The Philippines’ gross international reserves (GIR) dipped in April as a result of government debt payments and losses from the central bank’s foreign exchange operations, but the reserves remain at a comfortable level in terms of import cover.
The Bangko Sentral ng Pilipinas (BSP) said on Wednesday that GIR in April fell by $37 million to $79.608 billion from the revised $79.645 billion in March. The April level was down by $3.6 billion from the year-earlier figure of $83.213 billion.
The central bank forecasts GIR to reach $88 billion at the end 2014.
The BSP said the decline in dollar reserves was due mainly to outflows in the form of payments by the government of maturing foreign exchange obligations and the BSP’s foreign exchange operations.
The outflows were partially offset by foreign currency deposits of the Treasurer of the Philippines of loan proceeds from multilateral sources, the BSP said.
“The GIR remains ample as it can cover 11 months’ worth of imports of goods and payments of services and income. The GIR level is also equivalent to 6.9 times the country’s short-term external debt based on original maturity and 5.1 times based on residual maturity,” BSP Officer in Charge Nestor Espenilla Jr. said.
Nicholas Antonio Mapa, associate economist at the Bank of the Philippine Islands, said the GIR level in April is still the “most comfortable” in terms of import cover in the Asian region, second only to Taiwan.
“As such, the slight dip in reserves is not worrisome as the BSP continues to have ample dollar liquidity at its disposal to smooth out any sharp fluctuations in the exchange rate,” he said.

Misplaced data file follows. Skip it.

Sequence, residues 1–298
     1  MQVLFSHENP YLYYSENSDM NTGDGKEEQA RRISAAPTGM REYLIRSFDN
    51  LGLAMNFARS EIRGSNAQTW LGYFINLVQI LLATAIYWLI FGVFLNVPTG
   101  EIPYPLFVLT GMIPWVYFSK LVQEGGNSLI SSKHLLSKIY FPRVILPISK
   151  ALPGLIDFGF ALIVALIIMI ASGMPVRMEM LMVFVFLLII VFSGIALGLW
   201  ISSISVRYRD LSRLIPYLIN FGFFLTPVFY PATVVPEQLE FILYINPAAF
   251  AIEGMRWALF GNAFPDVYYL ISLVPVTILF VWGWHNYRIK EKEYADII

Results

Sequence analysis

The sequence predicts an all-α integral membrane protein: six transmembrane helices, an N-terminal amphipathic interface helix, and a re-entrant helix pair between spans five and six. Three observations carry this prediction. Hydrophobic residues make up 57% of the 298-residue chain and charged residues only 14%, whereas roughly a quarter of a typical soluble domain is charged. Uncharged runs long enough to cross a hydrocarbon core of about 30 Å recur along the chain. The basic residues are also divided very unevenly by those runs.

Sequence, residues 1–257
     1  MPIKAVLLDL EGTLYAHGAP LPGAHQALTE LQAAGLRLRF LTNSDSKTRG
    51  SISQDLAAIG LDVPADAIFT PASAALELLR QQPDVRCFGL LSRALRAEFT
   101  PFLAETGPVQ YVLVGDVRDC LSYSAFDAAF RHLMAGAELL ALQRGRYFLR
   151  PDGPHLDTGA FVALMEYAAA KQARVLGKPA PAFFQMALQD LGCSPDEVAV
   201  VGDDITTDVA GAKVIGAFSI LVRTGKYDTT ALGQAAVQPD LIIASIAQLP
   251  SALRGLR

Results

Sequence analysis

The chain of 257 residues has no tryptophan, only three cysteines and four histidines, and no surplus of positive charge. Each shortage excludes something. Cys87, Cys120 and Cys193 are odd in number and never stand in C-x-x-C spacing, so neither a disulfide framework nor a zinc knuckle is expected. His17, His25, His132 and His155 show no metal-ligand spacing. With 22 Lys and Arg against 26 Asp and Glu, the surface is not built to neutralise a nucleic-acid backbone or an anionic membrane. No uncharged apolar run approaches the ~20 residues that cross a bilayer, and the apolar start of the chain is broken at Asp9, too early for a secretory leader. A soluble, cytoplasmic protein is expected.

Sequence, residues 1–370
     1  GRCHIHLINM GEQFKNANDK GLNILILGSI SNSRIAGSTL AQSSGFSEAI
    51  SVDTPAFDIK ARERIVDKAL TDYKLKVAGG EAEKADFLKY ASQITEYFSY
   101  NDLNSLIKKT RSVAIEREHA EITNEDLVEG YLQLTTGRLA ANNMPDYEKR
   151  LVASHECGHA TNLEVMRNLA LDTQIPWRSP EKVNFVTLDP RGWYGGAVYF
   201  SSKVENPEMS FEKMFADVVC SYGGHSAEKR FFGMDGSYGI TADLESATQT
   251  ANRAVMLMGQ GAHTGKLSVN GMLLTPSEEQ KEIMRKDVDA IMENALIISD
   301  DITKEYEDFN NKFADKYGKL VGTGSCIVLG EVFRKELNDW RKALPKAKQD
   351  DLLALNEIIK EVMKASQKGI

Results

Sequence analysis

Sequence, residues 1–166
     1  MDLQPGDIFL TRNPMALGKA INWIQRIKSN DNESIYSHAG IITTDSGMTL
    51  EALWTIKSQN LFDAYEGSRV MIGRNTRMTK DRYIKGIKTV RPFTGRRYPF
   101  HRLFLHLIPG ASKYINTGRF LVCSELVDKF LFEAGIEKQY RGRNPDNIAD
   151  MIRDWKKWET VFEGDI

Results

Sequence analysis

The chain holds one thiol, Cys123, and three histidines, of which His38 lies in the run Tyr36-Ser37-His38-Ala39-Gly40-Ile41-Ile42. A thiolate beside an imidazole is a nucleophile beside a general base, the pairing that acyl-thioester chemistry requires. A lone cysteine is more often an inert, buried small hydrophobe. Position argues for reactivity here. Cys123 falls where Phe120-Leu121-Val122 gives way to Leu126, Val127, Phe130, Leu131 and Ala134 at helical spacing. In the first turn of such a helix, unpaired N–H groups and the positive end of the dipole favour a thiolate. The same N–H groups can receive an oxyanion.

Furthermore, Mapa said the Philippines is expected to continue to post current account surpluses in the coming months, which would help in building up the GIR or offsetting further drawdowns of the country’s reserves.
The current account is one of the components of a country’s balance of payments, which summarizes a country’s economic transactions with the rest of the world during a period.
“BSP has done its legwork in building up its foreign reserves in the recent past, which will be invaluable in the eventual United States Federal Reserve tightening cycle,” Mapa added, referring to the expected hike in the Fed’s interest rates at the end of the year.
GIR refes to foreign assets that are readily available to and controlled by the central bank for direct financing of payments imbalances and for managing the magnitude of such imbalances. It consists of holdings of gold, special drawing rights, foreign investments, and foreign exchange. Higher reserves help prop up the peso and allows monetary authorities to keep domestic inflation at bay.